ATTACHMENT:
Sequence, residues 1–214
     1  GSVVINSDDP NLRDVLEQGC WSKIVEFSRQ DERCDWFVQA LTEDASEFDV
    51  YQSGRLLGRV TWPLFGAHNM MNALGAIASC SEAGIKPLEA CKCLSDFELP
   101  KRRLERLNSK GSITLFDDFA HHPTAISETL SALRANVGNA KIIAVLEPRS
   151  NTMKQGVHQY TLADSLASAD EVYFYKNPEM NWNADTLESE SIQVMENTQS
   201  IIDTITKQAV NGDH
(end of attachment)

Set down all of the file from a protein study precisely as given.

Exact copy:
Sequence, residues 1–214
     1  GSVVINSDDP NLRDVLEQGC WSKIVEFSRQ DERCDWFVQA LTEDASEFDV
    51  YQSGRLLGRV TWPLFGAHNM MNALGAIASC SEAGIKPLEA CKCLSDFELP
   101  KRRLERLNSK GSITLFDDFA HHPTAISETL SALRANVGNA KIIAVLEPRS
   151  NTMKQGVHQY TLADSLASAD EVYFYKNPEM NWNADTLESE SIQVMENTQS
   201  IIDTITKQAV NGDH